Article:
Journal Article Estimation of surface iron oxide abundance with suppression of grain size and topography effects

Noda, Shuho  ,  Yamaguchi, Yasushi

83pp.312 - 320 , 2017-04 , Elsevier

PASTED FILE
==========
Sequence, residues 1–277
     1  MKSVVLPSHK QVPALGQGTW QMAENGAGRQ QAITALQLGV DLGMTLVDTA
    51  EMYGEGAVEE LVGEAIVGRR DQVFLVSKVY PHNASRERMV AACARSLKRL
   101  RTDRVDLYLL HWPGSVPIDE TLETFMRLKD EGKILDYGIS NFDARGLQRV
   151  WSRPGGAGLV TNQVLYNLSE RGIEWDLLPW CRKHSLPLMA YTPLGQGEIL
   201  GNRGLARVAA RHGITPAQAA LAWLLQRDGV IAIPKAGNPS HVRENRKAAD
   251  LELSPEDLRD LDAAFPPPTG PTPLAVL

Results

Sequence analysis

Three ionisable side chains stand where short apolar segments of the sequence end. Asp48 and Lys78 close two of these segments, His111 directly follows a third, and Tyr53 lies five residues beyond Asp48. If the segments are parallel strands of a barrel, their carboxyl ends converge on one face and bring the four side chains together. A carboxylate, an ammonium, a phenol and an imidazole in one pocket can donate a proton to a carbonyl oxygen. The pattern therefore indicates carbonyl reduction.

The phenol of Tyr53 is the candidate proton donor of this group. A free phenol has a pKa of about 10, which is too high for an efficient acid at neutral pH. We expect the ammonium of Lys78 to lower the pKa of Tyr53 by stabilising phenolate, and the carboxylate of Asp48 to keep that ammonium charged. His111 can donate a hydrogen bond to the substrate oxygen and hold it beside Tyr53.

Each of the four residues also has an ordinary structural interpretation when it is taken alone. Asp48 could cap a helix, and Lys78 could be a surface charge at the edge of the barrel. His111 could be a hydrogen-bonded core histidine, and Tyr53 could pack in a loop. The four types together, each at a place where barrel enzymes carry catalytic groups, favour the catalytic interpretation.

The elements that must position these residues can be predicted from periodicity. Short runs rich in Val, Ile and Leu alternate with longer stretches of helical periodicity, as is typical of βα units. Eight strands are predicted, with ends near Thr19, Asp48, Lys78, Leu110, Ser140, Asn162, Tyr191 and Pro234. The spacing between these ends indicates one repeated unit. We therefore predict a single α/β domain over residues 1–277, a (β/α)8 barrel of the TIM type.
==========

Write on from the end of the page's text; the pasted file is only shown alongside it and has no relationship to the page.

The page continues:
Mineral forms of iron oxide, such as hematite, goethite and jarosite, are important because they are widely distributed at the Earth’s surface and because they are used as indicators for mineral exploration. Iron oxide abundance in rocks containing these minerals can be estimated from the absorption depth at wavelengths of around 900 nm in a reflectance spectrum, but this depth is also affected by extraneous factors such as grain size and topography. This paper investigated the effect of grain size on reflectance spectra and proposed a method for estimating iron oxide abundance in surface rocks by using remotely sensed data with suppression of the effects of grain size and topography. Reflectance spectra were measured in a laboratory from rock powder samples of different grain sizes containing iron oxide minerals. While the reflectance increased with decreasing grain size, the presence of ferric iron caused the absorption depth to be almost constant at around 900 nm, irrespective of the chemical composition of the sample. In addition, the difference between the reflectance at 550 nm and 760 nm (Slope) was a function of grain size. Iron oxide abundance can be estimated accurately by MCR-900D, which is the maximum absorption depth at the absorption center after the effect of grain size and topography was suppressed by Slope and the continuum-removal method, which takes the ratio between the original spectrum and its continuum, respectively. Correlation of MCR-900D results with datasets of actual spectral and chemical iron oxide laboratory measurements revealed that the mineral forms also need to be considered. MCR-900D results were significantly correlated with rock samples classified as containing different forms of iron oxide minerals (hematite, goethite and jarosite). Finally, MCR-900D was applied to an AVIRIS dataset for the Cuprite site in Nevada, USA. The results represented the enrichment zones of iron oxide within hydrothermally altered areas.

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